3 thoughts on “Lead users vs. “Crossing the Chasm””

  1. I think your 2nd point is key – lead users generate ideas for products, but to Cross The Chasm you need to package a WholeProduct that normal people can deal with. And given limited resources (esp market intelligence) in a startup you need to pick 1 to bet on and dedicate resources to.
    I may post more once I’ve read more of Hippel…

  2. Hi, Adina:
    As Bill Seitz says, I think your second point is the key. Lead user search occurs at an earlier point in the innovation process than does ‘crossing the chasm’ Lead users are where companies can find new and promising product ideas and prototypes. Companies then have to adapt these ideas in such a way that they can cross the chasm.
    For example, early Power Bar-like nutritional supplements were developed by leading-edge athletes (Olympic Atheletes and their nutritionists, Navy Seals, etc.) long before Power Bar made them into a commercial product.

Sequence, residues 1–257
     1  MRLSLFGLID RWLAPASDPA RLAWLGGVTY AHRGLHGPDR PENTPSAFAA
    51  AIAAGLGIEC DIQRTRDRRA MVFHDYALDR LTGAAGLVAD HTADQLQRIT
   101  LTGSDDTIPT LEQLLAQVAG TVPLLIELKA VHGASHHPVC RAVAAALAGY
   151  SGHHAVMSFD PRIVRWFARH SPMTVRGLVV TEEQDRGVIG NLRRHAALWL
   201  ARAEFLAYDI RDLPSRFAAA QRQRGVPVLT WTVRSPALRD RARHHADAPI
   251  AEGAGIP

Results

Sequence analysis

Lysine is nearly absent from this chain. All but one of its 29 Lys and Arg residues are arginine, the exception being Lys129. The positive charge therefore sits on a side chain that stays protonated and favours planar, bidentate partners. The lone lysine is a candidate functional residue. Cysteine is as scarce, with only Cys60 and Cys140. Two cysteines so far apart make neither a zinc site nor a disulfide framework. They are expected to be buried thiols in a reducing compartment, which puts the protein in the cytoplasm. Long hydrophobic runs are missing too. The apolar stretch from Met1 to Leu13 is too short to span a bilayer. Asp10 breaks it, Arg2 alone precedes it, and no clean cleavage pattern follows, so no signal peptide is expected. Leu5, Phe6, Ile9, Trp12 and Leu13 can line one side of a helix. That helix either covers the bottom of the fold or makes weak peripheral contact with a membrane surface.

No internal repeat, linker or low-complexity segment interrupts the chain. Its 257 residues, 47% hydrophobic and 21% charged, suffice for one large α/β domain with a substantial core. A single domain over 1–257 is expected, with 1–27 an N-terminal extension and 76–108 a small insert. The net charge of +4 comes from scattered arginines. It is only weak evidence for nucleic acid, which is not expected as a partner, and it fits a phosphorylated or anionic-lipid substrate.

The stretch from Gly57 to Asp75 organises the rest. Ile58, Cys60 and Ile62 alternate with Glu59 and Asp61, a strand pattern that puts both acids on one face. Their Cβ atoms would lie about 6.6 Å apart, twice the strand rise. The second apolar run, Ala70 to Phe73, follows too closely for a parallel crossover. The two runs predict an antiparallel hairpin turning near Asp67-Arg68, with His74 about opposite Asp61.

If commercialized in the form that the lead users designed them to solve their own needs, this lead users innovation was clearly destined to be a niche product. For example, the functional food did the functional job the athletes needed, but it tasted terrible. Taste didn’t matter much to lead users – so they didn’t solve the problem. It was therefore the job of companies like powerbar to modify them to suit a mass market and get the product from lead users to early adopters and then ‘across the chasm’.
    Hope this helps!

  3. Bell Curves for Lead User vs. “Crossing the Chasm”

    When I first started studying innovation theory, I noticed that Eric von Hippel and Geoffrey Moore both used a bell-shaped diagram. At first I thought they were the same diagram, but it turns out I was wrong. My blog talks about the differences.

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